Final Thoughts

On Wheels (1973) attempts to dispel the freedom of the road and its mythologies. For Jakes, the road presents freedom imagined by and lived to some degree by the naive young, a freedom only fleetingly glimpsed by the old.  More dangerously, the manifestations of this type of culture explodes in violence and an inability to create stable and loving relationships. It is hard to tell whether or not John Jakes seeks to present Billy, an abusive man, as a tragic product of the system or a stark exposé of the road rebel as hero. Fascinating dystopic world of car convoys aside, On Wheels lacks the necessary craft and articulation to rise above similar visions of the era. A lumpy shillelagh of a novel that cudgels and jabs with quirky intensity that breaks upon impact…. Sort of like Don Ivan Punchatz’s cover for the 1973 edition.

For more book reviews consult the INDEX


(David Plourde’s cover for the 1978 edition)


(Uncredited cover for the 1980 Dutch edition)

17 thoughts on “Book Review: On Wheels, John Jakes (1973)

  1. Yikes! and how interesting…

    Still, can’t bring myself to read it in these times.

    “A lumpy shillelagh of a novel…” had to look that up, but now I know exactly what you mean.

    • Along with “the greater morass of things” “a lumpy shillelagh of a novel” is a new favorite phrase! hah

      It’s an odd book. It’s hard to not read it as a critique of masculinity (although Rose Ann is portrayed in similarly critical—stereotypical—ways but obviously does not resort to brutally attacking her husband). I’m afraid that Jakes wants him to be more tragic than he is, and that might be an element of the time in which he was writing.

  2. I could have sworn you already reviewed this novel, as I picked it up cheap after reading a review of it, but I guess I’m thinking of someone else (2theD probably). It sounds like a muddied, missed opportunity… Actually, most of Jakes’ novels seem like that… But I find the concept very intriguing, enough to buy a copy.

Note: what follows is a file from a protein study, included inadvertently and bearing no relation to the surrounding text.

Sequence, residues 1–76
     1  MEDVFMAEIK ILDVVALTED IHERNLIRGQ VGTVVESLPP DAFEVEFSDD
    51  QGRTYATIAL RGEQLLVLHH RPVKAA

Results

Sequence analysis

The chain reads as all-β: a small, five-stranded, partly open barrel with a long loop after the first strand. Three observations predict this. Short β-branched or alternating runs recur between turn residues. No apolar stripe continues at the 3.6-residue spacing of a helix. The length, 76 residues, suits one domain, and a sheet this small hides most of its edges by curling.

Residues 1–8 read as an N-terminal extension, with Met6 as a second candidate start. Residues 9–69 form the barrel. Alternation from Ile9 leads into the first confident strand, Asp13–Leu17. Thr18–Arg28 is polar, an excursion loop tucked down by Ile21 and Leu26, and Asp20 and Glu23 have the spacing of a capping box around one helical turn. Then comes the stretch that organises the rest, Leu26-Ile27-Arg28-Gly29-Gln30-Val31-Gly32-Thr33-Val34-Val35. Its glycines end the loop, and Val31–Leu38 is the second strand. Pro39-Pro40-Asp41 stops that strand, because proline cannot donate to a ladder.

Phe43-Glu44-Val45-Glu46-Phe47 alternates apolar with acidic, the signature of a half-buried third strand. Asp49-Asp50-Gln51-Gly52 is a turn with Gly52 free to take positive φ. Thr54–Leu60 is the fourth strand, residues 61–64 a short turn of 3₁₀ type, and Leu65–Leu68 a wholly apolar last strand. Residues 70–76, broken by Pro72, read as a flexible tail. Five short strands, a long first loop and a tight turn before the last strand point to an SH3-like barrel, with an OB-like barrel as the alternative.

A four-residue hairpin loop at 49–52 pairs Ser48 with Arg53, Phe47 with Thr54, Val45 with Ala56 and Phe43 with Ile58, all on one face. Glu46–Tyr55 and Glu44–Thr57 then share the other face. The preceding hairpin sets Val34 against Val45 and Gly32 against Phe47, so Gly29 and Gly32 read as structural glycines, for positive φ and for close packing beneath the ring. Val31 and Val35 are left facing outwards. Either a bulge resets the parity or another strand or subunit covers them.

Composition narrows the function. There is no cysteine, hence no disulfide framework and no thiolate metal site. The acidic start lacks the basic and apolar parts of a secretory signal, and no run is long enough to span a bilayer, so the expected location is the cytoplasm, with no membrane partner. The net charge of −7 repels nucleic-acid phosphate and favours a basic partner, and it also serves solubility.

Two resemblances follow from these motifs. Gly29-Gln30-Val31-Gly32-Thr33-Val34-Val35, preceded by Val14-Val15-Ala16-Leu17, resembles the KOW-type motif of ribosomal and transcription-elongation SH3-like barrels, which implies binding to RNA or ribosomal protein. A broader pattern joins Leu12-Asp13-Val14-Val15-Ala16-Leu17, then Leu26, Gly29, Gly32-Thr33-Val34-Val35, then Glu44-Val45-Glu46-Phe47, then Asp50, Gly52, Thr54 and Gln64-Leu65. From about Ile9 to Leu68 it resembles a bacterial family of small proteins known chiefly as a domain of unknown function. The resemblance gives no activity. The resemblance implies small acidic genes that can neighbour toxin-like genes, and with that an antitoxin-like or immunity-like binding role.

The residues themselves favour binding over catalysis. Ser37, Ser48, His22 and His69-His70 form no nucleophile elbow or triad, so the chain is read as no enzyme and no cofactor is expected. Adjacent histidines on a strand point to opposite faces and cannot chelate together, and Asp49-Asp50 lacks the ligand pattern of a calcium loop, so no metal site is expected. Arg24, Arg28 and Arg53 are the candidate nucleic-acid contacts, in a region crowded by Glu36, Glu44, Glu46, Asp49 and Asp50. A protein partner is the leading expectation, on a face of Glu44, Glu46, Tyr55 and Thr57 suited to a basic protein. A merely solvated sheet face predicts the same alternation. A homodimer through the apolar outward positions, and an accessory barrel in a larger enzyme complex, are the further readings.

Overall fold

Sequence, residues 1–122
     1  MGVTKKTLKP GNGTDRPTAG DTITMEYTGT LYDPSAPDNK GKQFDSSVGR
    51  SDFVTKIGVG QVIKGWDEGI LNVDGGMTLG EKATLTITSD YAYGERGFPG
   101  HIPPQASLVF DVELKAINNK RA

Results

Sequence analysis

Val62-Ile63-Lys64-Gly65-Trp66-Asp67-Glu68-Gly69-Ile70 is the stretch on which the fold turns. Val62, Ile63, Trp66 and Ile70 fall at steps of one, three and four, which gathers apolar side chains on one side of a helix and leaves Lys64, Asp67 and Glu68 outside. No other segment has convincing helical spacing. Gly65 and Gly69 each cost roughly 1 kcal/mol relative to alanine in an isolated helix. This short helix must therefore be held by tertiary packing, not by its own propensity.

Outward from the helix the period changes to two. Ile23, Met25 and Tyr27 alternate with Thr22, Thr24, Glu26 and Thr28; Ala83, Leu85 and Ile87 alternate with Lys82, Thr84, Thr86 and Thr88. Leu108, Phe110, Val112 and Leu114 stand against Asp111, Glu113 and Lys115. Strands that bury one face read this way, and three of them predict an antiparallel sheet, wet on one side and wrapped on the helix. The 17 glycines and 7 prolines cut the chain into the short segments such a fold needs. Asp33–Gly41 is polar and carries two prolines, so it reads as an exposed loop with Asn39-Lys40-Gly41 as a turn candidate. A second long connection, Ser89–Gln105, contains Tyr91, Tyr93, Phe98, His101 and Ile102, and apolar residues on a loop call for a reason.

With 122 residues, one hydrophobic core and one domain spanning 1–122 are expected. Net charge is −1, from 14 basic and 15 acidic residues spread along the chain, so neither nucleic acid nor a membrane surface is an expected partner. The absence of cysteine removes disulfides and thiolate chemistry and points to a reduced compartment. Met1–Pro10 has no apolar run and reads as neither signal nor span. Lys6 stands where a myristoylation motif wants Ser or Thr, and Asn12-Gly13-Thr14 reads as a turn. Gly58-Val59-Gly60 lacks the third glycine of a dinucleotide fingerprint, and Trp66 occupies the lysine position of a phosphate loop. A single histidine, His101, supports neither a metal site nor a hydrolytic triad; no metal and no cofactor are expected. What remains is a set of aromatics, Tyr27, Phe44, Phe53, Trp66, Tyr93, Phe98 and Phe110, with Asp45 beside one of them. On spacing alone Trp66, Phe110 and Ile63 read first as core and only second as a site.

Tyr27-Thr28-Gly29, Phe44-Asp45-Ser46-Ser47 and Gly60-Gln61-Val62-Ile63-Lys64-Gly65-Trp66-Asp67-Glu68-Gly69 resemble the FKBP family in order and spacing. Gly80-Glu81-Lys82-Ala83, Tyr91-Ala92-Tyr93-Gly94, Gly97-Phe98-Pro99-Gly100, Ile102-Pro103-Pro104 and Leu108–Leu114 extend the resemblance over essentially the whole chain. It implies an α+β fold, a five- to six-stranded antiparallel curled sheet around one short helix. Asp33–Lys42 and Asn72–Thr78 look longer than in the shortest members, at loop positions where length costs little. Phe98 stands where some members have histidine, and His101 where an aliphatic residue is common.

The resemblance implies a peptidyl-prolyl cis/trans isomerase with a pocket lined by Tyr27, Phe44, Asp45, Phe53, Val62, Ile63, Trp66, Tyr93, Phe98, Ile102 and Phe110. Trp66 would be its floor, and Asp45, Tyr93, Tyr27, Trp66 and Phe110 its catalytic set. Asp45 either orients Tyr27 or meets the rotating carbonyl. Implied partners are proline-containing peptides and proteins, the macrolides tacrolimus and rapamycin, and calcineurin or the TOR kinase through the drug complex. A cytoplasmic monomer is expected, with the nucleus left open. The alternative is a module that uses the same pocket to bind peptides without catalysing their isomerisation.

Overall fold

3. I’ve wanting to read this book for some time, and maybe I’ll still get around to reading it someday. Still, a story revolving around a mobile society is nothing new. I reviewed a story, for what it’s worth, is a Planet Stories facsimile reprint if you want to look it up here: but there was nothing satiric about it. It represented its times, a war ravaged world in which war machines replaced Earth’s animal populace. The fact that such societies would be impossible to exist shouldn’t stand in the way of either a good story or a good satire. We live in odd times.

  4. I like Don Ivan Punchatz’s art, but his cover art for the John Jakes novel looks like he painted it while tripping on some bad acid. Maybe it would be better on a horror novel? Or on the side of a van?

  5. ‘On Wheels lacks the necessary craft and articulation to rise above similar visions of the era.’

    Which novels/short stories are you referring to here?
    Just curious for my own reading 🙂

    • Thanks for the comment!

      As its been a while since I read the book and wrote the review, I suspect I was referring to 70s SF dystopias (with cool ideas!) with overt satirical elements — for example, a few come to mind –> Norman Spinrad’s The Iron Dream (1972), J. G. Ballard’s High-Rise (1975), Barry N. Malzberg’s In the Enclosure (1973) and The Men Inside (1973). All reviewed on my site — see the review INDEX.

      As for more road-specific SF….. I seem to remember loving Ian Watson’s short story “Thy Blood Like Milk” (1973).

      And the abandoned highway is powerful symbol in M. John Harrison’s hard to find masterpiece The Committed Men(1971)